Standing on Ceremony in France

My first guests for dinner at my apartment in the 14th arrondissement, on Rue Brézin, right off the Avenue de General Leclerc, were Renaud and Odette, the couple I’d met a week earlier at my friend Daniel’s housewarming.

They’d agreed to come over even though we barely knew each other. But their openness to meet new people was like my own eagerness to be, if not known, at least befriended.


Odette and Renaud

I’d heard somewhere that the French were hard to break through to. Or even to meet. But I didn’t and haven’t found that. I started making friends fairly quickly. Perhaps this was because I’d had that initial “in” at a party where I knew the host. Perhaps it was because I always invited people over for a homemade meal, and the French respond to that kind of warmth. Perhaps it was because I was so curious about French culture that I found friendliness rather than a cold shoulder. In any event, my first dinner invitation was accepted.

And Renaud did something charming in his response to my undoubtedly awkward French email dinner invitation. He suggested we “tutoyer,” which is using the singular “tu” form instead of the more formal “vous” that you employ at work, or with your boss or with strangers or people you’re not exactly close to. “C’est plus facile,” he wrote, which was true. But it was also evidence that they didn’t want us to stand on ceremony.

The whole “tu” and “vous” thing is tricky for us Anglophones (and the whole lack of it in English is perplexing to the French, who find it odd that our language doesn’t give you an easy way of signifying levels of respect – or social standing – or of putting someone off or drawing someone in).

My ear has become better attuned to the two verb forms. At the time, to make life easier for me, and not commit some blunder by being too casually intimate with someone I’d just met, I would ask people if we could “tutoyer.” It really is simpler, as Renaud had said and luckily for me, the request was always granted. The steps leading up to allowing to use the familiar verb form can take some time, apparently, for the French. Being an American gives you a certain license when it comes to the finer points of verbal etiquette.

The nuances still escape me from time to time, even if I’m now used to hearing the forms and understanding some of the finer points of “tu” and “vous” usage. After one dinner I’d hosted a couple of years later – another apartment in another arrondissement – my friend Philippe called me and asked, appalled, “Did you hear what he said to me?” referring to another friend he’d met there and with whom he’d spoken over dinner. “He used the formal vous when I addressed him in the familiar tu.”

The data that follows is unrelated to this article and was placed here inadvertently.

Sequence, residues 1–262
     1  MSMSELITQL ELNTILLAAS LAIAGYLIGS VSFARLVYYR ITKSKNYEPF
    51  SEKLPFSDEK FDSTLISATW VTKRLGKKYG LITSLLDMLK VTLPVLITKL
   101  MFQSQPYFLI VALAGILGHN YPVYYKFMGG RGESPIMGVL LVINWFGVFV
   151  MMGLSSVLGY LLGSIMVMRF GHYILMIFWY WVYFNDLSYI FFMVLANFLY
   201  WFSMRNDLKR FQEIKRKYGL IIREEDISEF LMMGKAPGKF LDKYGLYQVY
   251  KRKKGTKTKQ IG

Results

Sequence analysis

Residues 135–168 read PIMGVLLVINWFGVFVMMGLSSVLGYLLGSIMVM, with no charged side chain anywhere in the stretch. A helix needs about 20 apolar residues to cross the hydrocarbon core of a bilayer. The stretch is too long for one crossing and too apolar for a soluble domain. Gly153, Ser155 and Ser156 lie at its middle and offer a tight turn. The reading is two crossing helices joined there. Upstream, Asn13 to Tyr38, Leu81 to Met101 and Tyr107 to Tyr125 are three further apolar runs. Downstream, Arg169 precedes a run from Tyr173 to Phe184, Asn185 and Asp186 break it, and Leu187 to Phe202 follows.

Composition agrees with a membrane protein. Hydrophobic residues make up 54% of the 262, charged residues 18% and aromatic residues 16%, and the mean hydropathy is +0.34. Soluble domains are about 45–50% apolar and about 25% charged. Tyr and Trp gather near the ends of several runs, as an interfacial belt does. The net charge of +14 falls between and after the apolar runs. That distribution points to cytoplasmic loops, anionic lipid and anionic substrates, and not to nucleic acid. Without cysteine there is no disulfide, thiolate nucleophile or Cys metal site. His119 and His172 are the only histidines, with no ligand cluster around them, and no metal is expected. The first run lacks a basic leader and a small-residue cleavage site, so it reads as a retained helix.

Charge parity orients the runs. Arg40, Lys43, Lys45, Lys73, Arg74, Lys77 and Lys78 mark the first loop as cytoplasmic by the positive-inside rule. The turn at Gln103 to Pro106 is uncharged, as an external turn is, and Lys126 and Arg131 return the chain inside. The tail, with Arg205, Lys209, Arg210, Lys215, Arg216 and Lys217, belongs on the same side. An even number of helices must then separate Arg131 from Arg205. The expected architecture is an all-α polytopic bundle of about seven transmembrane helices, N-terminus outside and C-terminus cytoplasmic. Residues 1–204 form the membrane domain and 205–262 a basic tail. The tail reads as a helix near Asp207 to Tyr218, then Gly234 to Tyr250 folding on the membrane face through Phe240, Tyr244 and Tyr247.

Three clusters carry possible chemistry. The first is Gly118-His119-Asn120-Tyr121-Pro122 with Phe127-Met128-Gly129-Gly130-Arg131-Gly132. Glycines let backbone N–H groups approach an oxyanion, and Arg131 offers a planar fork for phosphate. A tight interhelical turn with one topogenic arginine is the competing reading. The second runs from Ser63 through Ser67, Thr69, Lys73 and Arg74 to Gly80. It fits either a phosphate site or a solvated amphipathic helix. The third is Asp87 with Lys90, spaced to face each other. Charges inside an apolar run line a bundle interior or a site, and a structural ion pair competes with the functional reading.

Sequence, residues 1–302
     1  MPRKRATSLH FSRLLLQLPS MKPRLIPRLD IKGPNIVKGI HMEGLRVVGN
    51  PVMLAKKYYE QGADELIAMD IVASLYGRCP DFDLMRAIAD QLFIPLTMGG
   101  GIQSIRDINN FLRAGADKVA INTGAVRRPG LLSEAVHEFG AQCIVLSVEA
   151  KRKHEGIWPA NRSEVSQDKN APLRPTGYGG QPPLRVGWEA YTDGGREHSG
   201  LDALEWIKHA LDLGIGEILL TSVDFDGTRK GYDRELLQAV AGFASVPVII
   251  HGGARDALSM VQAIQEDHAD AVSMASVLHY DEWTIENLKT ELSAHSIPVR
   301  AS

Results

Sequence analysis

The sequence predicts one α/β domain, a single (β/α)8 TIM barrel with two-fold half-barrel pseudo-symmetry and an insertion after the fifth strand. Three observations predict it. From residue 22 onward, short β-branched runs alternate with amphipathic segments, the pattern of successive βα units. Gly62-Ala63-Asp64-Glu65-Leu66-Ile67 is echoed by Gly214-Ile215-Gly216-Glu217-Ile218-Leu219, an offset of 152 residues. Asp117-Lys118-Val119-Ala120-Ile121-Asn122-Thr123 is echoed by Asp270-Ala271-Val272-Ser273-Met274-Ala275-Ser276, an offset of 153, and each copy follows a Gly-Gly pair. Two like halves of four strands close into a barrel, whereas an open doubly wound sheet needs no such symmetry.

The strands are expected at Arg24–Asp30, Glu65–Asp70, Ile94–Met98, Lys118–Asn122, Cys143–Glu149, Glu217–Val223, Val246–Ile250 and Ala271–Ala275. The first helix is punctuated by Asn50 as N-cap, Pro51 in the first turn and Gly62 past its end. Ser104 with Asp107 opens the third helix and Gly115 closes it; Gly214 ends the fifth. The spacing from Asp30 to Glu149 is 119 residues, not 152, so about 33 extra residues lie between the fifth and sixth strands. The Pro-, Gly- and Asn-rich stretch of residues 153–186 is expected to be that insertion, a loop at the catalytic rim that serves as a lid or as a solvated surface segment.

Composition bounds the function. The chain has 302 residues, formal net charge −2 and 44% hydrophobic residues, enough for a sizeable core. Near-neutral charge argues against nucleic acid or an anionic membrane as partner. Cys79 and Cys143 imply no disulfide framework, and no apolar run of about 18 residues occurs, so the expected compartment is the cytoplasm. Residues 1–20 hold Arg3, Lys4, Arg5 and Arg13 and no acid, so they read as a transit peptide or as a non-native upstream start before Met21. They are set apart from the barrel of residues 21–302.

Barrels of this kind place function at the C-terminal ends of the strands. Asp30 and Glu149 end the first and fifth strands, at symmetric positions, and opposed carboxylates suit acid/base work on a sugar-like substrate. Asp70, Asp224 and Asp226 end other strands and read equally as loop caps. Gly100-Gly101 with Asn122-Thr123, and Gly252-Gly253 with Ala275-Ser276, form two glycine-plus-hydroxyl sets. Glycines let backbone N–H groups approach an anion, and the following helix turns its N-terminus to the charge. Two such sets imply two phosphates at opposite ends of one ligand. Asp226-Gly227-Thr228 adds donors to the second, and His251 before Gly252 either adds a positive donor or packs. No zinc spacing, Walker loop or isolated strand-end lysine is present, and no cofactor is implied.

I hadn’t noticed – I’d been too busy concentrating on the ebb and flow of the conversation in general to hear the not-so subtle insult that this implied.

“I’m sure it was nothing,” I told him.

“It was not nothing” Philippe said, still put out.

In fact, when I later asked my other friend about it, he said, “Did I do that? I just thought your friend was very ‘vieille France,'” meaning quite old fashioned and possibly provincial. My friend didn’t think – let’s say he told himself that he didn’t really think – that he was being impolite. It just came out that way.

Anyway, these are subtle and often complicated things to keep track of. And even at the beginning of ma vie française, I was grateful for the vote of confidence that Renaud had placed in our nascent friendship. And also relieved that I wouldn’t have to think about conjugating verbs more than I usually did at that point.

My conversational speech was still hesitant, and I continued to search not only for le mot juste, but just le mot, during talks with patient new French friends. It had only been a month, of course, since my arrival, and despite my rather rapid progress in French I was far less fluent than a slow-learning toddler.

More pressing to me than the byways of a new language, however, was what to serve my French guests.

And how to serve it.

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